Part of the beauty of The Longest Night, and part of its spookiness, was the book’s ephemeralness. We had 300 copies printed and numbered. We agreed there were to be no reprints and no Kindle edition. Our mantra was once it’s gone, it’s gone.
This seemed fitting for the sort of publication we were aiming for, tying in with a Jamesian preoccupation with obscure books. It remains an entertaining thought: that in years to come someone, whilst browsing a secondhand bookshop, will discover this slim, mysterious collection with its spooky artwork and no ISBN, take it home and be disquieted by the uncanny tales within.
A year later we put together a sequel, Poor Souls’ Light: Seven Curious Tales, this time taking our cue from Robert Aickman, another, much less cosy and much less well known writer of supernatural fiction whose centenary took place in 2014 and whose reputation we were keen to do our bit to rehabilitate. This was reflected in the darker tone of the book and its murkier artwork. Similarly, we tried to make other changes: we increased the size of our print run, staged bigger, more theatrical events, and – as indicated by the subtitle – included a pair of guest authors in the collection. But we remained guided by our own curious philosophy, a mixture of DIY ethic and ethereal weirdness.
This time we’ve moved out of our collective comfort zone, taking our inspiration from an American author. 2015 marks fifty years since the death of Shirley Jackson, a writer perhaps best known for her novel The Haunting of Hill House, and her short story ‘The Lottery’, both of which are fairly representative of an otherwise frequently overlooked body of work. Jackson’s fiction takes place in the gap where the supernatural meets the psychosomatic, where depths of menace and aberration underlay the United States’ cheery suburbs, where housewives’ hallucinations hint towards a demonic mythos at work in the world. But – a couple of things which I’m not sure can be said with any confidence of James or Aickman – there’s a playfulness to her fiction and a prioritising interest in character.
Collaboration became our watchword. Before any of Congregation of Innocents was written or illustrated, a good deal of planning was put into what we wanted the feel of the book to be. In 2015 we’d also published a pair of digital, interactive novels – both the fruits of collaboration – and it seemed to us that this way of working could be used to create a book of stories which, despite being authored by different individuals, had a cohesion and an uncanny unity. We put together something of a mood map for the book, in reality a list of buzzwords written on post-its and stuck to a wall: hot, stuffy, queasy. We all read a good deal of Jackson’s fiction, particularly her short stories.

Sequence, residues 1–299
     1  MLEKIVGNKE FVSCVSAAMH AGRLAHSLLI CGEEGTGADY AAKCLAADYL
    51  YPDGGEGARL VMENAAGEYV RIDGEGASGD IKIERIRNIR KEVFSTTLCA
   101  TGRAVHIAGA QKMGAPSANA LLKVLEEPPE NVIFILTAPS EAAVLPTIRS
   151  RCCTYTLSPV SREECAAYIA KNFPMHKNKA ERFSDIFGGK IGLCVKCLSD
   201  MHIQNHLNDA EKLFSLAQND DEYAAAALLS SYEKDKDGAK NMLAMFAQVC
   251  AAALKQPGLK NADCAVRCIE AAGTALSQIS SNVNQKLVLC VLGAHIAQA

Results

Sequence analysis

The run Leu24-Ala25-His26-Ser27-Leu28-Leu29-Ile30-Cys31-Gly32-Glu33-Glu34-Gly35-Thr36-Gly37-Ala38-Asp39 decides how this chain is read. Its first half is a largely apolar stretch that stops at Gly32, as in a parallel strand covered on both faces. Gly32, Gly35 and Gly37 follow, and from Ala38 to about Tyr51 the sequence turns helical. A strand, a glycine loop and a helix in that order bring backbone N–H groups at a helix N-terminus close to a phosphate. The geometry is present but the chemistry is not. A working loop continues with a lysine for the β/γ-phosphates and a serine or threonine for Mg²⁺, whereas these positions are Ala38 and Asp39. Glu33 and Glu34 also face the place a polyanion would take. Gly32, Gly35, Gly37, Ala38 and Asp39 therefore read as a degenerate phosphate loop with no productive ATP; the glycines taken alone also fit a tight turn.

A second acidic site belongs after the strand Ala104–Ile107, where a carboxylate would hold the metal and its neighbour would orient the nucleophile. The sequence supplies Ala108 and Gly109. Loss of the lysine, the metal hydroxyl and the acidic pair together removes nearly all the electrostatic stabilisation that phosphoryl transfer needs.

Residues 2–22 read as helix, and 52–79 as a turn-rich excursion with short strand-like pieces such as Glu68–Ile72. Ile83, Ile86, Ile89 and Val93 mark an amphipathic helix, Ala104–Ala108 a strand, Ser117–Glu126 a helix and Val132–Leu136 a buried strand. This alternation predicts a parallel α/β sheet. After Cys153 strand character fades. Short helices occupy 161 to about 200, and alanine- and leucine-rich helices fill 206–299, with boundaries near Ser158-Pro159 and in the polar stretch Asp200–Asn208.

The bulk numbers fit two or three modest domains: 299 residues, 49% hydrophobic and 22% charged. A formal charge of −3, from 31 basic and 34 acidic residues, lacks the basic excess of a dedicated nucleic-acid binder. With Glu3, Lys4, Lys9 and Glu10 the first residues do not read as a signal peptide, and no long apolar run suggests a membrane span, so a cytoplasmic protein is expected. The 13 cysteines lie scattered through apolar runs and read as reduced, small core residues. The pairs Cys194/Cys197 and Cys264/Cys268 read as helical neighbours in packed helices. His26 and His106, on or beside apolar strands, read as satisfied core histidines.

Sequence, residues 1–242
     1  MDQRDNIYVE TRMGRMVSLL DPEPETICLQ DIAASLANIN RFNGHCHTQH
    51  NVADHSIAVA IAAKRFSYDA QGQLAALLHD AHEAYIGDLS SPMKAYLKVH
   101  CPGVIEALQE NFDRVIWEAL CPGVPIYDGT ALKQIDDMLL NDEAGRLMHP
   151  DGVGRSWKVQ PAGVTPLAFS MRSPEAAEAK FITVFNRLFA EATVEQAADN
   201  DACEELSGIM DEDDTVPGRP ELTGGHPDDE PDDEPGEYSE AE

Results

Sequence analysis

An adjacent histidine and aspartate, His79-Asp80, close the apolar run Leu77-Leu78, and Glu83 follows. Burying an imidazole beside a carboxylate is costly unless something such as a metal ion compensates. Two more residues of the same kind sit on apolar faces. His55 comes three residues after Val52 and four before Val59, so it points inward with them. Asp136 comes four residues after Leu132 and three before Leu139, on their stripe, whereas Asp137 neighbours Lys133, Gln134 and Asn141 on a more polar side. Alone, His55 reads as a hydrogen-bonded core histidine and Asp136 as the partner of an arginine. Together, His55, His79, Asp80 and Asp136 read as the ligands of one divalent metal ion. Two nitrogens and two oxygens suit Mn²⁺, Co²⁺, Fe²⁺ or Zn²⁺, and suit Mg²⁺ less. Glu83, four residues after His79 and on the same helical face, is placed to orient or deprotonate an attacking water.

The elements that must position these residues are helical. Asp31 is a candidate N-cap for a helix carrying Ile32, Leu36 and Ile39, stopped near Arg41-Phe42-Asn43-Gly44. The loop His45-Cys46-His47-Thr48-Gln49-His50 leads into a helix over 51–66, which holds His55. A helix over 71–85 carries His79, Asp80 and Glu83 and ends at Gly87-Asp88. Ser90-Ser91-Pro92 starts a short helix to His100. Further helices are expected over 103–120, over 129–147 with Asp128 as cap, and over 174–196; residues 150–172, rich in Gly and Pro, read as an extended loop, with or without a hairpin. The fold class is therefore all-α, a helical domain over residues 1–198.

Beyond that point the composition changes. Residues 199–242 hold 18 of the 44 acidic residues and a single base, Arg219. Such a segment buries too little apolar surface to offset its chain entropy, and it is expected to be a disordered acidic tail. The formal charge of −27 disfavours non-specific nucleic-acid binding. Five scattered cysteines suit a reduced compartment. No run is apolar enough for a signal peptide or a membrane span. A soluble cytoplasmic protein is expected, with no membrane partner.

In the very early stages of planning we’d asked ourselves who we might invite to contribute as a guest author. By the time we came to the post-it note stage we were dubious whether a guest author was something we were after at all. This was a collaborative project through and through. What we wanted was someone who would collaborate with us. The obvious person then seemed to be our friend Ian Williams.
Ian is a comics artist whose work is informed by his daytime job as a physician: he writes and illustrates Sick Notes, a regular a comic strip for the Guardian about medical news. The Bad Doctor, his wonderfully observed graphic novel about a middle-aged GP, was published in 2014 and had met with critical acclaim. The notion of including a graphic novelist, one au fait with sickness and the mechanics of frailty at that, in the collection seemed somehow both so apt and simultaneously so counterintuitive that Ian seemed to be perfect collaborator.
And so there we have it. Although it obviously functions as a short story anthology (and an excellent one at that – I think it’s the best thing Curious Tales has produced) Congregation of Innocents is also book which serves to close something of a trilogy and which, we hope, is as intrepid and challenging a read as it was to put together. As well as a graphic story from Ian Williams, the book will also come with an introduction from another very special guest author, whose name we’re keeping under wraps for the time being. There will be four-hundred copies printed, available to buy online and at the tour of events (stay tuned for further details on these), and, as always, once they’re gone they’re gone.